Intel will sell you a custom spec'd chip if you wanted - only restrictions are it has to be based on a current production model. So if you want an i7 without 64-bit and VT, buy enough chips and Intel will provide it. Hell, if you're Google, they'll probably laser etch Google on it, too.

Power supplies - ditto. Google uses a special arrangement too, so they're probably custom-made. Which is trivial for a power supply company (as they already have lines set up to do custom builds, since 99% of their business is custom power supplies for all sorts of devices).

RAM - buy enough, and the manufacturer can do anything. Laptops often come with "custom" RAM from the OEM (usually just a label slapped on the stick). Given Google's order size, I'm sure the assembler can put GOogle on them. Heck, Apple got custom-manufactured RAM too (Mac Pro FB-DIMMs are custom made to have larger heatsinks).

And yes, Google can order in bulk, but since few can supply the order directly, Google just buys direct - cut out some middlemen, and get customization ability.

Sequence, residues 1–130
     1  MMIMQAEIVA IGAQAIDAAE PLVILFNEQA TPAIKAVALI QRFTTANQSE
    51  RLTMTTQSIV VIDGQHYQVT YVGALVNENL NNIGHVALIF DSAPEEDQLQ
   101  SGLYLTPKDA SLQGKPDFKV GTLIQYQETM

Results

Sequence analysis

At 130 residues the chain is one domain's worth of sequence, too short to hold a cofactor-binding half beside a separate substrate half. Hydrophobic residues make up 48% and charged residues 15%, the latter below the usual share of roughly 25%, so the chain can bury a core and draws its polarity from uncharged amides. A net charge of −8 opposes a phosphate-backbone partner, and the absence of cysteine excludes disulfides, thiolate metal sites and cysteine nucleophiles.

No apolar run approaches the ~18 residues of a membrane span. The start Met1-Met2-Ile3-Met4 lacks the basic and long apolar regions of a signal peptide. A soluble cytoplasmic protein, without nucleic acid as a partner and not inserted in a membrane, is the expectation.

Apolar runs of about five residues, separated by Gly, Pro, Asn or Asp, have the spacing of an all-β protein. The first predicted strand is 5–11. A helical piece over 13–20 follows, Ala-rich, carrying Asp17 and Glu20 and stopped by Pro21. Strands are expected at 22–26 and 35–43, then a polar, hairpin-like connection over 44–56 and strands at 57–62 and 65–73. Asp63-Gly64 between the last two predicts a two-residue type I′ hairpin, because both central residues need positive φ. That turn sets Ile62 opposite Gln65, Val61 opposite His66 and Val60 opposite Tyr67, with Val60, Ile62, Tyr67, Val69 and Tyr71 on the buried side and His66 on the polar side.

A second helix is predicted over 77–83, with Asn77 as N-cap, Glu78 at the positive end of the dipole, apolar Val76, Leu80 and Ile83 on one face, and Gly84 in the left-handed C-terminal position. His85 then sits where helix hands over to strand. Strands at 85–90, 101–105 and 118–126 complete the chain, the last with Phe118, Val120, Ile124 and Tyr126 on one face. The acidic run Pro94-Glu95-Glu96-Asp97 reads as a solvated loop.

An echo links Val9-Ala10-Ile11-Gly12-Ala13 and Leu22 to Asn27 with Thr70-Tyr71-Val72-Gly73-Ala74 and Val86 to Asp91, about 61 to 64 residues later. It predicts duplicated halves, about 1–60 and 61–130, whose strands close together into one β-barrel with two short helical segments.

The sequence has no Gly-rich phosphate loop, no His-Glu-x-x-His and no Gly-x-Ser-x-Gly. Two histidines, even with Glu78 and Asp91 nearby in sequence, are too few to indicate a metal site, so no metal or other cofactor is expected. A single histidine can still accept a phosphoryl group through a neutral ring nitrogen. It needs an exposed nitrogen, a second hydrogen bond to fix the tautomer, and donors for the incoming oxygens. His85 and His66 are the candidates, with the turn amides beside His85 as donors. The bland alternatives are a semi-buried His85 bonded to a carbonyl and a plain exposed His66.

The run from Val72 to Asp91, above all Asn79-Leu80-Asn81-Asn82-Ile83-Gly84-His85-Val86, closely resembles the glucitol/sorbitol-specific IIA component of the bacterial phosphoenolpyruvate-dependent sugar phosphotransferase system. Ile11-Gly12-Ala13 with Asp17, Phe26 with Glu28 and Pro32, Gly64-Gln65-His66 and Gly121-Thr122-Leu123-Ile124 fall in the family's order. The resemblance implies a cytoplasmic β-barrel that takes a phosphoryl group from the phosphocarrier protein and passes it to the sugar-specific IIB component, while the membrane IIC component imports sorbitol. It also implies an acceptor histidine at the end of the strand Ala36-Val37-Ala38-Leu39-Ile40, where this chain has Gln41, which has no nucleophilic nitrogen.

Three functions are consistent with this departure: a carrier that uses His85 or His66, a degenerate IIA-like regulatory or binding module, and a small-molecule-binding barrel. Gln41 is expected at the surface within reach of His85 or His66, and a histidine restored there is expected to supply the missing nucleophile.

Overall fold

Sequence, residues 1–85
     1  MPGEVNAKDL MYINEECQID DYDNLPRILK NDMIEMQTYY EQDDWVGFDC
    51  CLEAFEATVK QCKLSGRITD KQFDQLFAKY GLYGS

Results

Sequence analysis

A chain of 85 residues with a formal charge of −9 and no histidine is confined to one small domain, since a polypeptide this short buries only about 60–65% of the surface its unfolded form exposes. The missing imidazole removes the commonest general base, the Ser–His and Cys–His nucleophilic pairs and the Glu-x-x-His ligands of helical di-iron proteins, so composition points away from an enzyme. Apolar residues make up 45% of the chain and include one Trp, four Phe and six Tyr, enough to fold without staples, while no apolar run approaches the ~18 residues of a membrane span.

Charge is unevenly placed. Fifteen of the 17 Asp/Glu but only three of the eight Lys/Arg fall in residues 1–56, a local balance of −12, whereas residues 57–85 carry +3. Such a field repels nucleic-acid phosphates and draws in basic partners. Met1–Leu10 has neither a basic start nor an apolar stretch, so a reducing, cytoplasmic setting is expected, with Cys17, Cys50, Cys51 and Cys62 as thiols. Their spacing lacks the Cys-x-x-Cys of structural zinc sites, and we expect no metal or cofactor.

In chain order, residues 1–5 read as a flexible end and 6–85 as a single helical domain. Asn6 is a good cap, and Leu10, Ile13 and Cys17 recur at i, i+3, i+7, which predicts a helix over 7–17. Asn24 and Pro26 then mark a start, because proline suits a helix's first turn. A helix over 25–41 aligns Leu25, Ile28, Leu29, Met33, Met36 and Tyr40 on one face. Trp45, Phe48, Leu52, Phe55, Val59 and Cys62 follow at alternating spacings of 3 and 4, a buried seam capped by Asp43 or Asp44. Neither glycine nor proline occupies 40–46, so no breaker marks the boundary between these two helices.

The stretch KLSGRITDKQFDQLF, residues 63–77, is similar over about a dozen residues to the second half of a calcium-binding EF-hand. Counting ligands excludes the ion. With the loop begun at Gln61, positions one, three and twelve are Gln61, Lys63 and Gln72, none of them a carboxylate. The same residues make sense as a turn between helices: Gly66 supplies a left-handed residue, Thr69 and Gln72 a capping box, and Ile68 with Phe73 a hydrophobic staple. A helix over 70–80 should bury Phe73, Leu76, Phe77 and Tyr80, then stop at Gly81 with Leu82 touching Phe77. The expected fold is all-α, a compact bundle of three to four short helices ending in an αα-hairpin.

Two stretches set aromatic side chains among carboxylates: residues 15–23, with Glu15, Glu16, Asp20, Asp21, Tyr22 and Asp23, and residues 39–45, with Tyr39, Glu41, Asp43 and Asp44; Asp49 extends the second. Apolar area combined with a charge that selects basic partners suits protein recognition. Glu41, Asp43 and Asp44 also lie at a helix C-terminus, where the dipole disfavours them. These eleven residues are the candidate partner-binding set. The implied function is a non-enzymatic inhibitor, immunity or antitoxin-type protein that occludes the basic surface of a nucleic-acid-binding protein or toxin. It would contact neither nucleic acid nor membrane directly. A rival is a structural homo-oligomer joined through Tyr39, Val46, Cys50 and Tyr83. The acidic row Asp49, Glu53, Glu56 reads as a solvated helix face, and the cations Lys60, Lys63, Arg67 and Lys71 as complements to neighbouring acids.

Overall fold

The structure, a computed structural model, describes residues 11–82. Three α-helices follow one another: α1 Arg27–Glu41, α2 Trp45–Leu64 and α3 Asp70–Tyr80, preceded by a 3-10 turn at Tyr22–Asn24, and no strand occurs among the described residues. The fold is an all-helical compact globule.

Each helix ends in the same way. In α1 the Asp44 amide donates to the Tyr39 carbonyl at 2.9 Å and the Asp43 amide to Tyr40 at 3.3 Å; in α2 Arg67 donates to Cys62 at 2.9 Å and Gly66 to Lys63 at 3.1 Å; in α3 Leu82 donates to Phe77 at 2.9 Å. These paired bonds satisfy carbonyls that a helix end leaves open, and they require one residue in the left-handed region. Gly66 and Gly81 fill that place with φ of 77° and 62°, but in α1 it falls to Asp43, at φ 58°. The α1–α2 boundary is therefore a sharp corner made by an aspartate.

Heck, Google might get a custom motherboard too - sure it's based on an existing design, but configured to Google's specs.

Re:This was shocking to me (1)

bhima (46039) | more than 4 years ago | (#31524178)

Google's servers have been much discussed... they are standard (but some things are not populated) and they have an on board battery to act as a UPS.

http://news.cnet.com/8301-1001_3-10209580-92.html [cnet.com]

Re:This was shocking to me (1)

sopssa (1498795) | more than 4 years ago | (#31524248)

Maybe Google servers as in search, but I think YouTube needs different kind of build as they're delivering massive amount of video content instead of doing database queries. I suspect the article is about Google's search servers.

Re:This was shocking to me (3, Funny)

smooth wombat (796938) | more than 4 years ago | (#31523882)

Funny thing about your second pic is if you look at the label on the power supply(?) on the left side of the image, the tag reads:

Safety Test Pending

Re:It's obvious (-1, Flamebait)

Anonymous Coward | more than 4 years ago | (#31523474)

Eat shit, asshole!

It also points out the folly (3, Insightful)

tkrotchko (124118) | more than 4 years ago | (#31523502)

It points out the folly when people say "Comcast/AT&T/Verizon/whomever has to pay huge upstream bandwidth costs, bandwidth isn't free y'know!", and it always gets marked as insightful.